The seed packet said Vidalia Onions, but I think there was a mix up. Strangely enough, my potatoes also came out miniature. Honestly though, when I dumped out that 5 gallon bucket of wet soil, just the fact that potatoes ACTUALLY GREW was pretty darn satisfying. I think I ended up with over ten potatoes.... the biggest being about 3 inches long. Maybe it was two and a half. And the smallest... well, ahem... okay it was smaller than one of these onions. But I ate 'em anyway! Mashed 'em up for thanksgiving. These little onions, on the other hand, were harder to work with. Nevermind that they were barely biger than peas, I was going to eat what I grew! The first one I managed to cut the root end off, but when I went to peel it it turned out that after the papery skin there were only three layers. Total. Still, I cut it lengthwise, and proceeded to do the same with 5 more ( I harvested a good twenty onions!). I then sauteed up the lil things in some butter, tossed in an egg, and voila, tasty. I tell you they may have been small, but they were potent!
The rest, I'm ashamed to admit, became windowsill decoration. A few got carried off by Maggie, who found their long dried stringy leaves doubled well as dental floss. She would carry them around by the very end of the leaf, her head held as high as possible and her nose nose almost skyward. The onion dangling at the end would swing just above the ground, and she'd strut around like this until she found a nice spot to lay down and clean her teeth. Then she'd bat around the little rolly polly veggie. There were just two left on the windowsill when I was standing there chatting with my honey a few days ago. Feeling a little mischievous I picked one up and swung it around by it's tail, pretending I was gonna bonk someone on the noggin with it. Before it could even complete one swinging circuit, however, the delicate dried strand snapped and the baby onion went flying through the air like a comet, barely missing my honey's suddenly startled eyes. Two streaks of striped fur followed the accidental projectile to it's landing while I got taken with a fit of hyserical laughing.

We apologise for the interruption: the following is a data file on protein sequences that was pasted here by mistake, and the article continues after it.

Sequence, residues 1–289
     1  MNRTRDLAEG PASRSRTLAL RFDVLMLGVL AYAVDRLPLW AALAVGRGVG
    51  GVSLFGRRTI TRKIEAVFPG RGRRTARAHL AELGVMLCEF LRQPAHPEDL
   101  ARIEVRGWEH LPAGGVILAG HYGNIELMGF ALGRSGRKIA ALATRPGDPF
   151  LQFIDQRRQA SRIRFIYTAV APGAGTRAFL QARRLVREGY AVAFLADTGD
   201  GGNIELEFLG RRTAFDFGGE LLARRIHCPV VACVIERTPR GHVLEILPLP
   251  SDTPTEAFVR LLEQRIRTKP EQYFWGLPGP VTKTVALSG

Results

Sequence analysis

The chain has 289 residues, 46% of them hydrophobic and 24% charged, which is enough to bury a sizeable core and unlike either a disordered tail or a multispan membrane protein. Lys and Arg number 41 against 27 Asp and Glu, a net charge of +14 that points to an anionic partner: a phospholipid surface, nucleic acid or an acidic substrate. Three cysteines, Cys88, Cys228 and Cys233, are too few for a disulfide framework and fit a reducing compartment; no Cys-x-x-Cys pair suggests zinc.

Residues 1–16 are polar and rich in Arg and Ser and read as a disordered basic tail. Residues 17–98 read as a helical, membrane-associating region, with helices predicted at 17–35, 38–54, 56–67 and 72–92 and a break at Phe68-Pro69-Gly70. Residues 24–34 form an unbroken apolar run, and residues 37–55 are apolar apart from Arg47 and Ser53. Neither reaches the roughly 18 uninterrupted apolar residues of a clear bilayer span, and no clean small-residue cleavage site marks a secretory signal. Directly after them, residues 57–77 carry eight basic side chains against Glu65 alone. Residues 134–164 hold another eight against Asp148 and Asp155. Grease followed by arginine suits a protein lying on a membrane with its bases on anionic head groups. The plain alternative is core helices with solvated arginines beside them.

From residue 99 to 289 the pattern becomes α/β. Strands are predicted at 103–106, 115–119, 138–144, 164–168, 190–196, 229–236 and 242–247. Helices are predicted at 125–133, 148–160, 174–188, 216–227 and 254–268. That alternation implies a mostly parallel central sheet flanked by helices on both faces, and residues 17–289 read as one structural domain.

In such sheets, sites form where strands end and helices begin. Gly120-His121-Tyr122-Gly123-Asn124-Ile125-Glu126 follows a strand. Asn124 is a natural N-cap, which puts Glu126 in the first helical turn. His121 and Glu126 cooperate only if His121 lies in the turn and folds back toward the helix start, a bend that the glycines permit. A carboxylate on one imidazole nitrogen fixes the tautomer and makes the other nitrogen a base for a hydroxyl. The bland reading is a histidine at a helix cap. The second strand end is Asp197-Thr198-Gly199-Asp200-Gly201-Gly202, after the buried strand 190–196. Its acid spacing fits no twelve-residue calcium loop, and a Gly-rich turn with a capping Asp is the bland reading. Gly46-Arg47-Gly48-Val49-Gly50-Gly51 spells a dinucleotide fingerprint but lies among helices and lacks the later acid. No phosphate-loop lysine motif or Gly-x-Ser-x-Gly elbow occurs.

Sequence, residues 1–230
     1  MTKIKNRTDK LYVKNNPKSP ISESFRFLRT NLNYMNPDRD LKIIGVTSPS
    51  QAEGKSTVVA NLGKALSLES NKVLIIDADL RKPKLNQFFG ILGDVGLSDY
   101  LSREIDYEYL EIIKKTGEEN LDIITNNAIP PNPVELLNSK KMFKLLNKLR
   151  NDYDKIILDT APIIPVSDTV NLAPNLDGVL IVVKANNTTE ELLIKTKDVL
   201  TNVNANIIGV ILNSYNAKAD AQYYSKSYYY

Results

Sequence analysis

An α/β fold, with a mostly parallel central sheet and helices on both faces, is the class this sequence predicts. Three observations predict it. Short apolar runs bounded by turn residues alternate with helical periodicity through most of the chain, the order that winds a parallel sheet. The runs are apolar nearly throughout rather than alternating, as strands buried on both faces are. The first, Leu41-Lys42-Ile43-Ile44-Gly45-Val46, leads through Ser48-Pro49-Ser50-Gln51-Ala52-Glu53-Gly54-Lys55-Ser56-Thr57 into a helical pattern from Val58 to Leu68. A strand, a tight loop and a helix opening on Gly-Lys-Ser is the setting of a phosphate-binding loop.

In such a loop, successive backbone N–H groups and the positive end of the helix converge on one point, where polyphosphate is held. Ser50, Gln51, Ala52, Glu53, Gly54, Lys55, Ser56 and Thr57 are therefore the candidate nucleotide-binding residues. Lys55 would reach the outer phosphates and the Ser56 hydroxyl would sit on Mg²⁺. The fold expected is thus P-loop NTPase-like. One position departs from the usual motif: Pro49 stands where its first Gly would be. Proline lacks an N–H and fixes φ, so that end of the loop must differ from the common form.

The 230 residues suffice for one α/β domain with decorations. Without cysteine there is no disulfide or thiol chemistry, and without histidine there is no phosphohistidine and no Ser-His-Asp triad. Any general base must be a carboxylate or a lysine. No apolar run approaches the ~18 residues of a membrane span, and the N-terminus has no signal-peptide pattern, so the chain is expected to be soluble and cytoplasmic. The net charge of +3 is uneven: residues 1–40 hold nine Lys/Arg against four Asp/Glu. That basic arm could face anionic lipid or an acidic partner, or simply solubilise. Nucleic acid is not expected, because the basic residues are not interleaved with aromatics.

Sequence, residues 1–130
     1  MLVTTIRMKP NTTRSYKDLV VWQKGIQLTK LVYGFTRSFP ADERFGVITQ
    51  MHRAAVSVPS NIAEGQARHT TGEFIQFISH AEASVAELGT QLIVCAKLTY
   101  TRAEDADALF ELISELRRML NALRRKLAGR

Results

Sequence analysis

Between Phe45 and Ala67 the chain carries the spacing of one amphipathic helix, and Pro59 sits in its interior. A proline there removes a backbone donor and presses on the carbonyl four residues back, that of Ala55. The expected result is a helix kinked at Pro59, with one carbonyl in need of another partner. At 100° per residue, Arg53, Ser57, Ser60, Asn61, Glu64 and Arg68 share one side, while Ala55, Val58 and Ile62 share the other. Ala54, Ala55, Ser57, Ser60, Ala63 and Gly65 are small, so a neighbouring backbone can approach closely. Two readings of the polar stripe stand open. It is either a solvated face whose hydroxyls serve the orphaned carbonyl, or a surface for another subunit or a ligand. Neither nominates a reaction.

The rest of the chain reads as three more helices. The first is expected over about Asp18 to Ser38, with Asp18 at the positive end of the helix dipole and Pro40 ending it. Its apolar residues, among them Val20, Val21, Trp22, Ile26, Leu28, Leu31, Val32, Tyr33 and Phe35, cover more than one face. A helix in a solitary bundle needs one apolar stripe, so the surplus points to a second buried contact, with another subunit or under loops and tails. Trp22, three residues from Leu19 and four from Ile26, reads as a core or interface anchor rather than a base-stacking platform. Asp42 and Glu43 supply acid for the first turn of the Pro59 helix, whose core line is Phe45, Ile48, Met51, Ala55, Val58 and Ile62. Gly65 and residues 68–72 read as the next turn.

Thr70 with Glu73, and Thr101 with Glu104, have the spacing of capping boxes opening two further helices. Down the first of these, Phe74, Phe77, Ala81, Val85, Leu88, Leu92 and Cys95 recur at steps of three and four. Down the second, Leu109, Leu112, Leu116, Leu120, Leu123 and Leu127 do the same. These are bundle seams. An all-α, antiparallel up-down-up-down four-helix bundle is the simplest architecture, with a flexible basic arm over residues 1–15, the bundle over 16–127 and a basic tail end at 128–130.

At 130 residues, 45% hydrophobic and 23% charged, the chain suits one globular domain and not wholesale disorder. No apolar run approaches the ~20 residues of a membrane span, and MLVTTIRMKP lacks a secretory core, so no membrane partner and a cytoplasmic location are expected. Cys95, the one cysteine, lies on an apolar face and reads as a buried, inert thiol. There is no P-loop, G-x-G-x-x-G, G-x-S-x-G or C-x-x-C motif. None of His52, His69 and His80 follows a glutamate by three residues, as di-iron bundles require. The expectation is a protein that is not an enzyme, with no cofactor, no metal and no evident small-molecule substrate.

"My whole onion flashed before my eye", he said, blinking his baby blues. If I could have caught my breath I might have told him good thing it wasn't a potato. So I guess they ought to mention on the seed packets; may be miniature version. And, caution: do not swing harvested product like a baton wielding parade prancing majorette. Or maybe just: Use eye protection when handling this product. You think?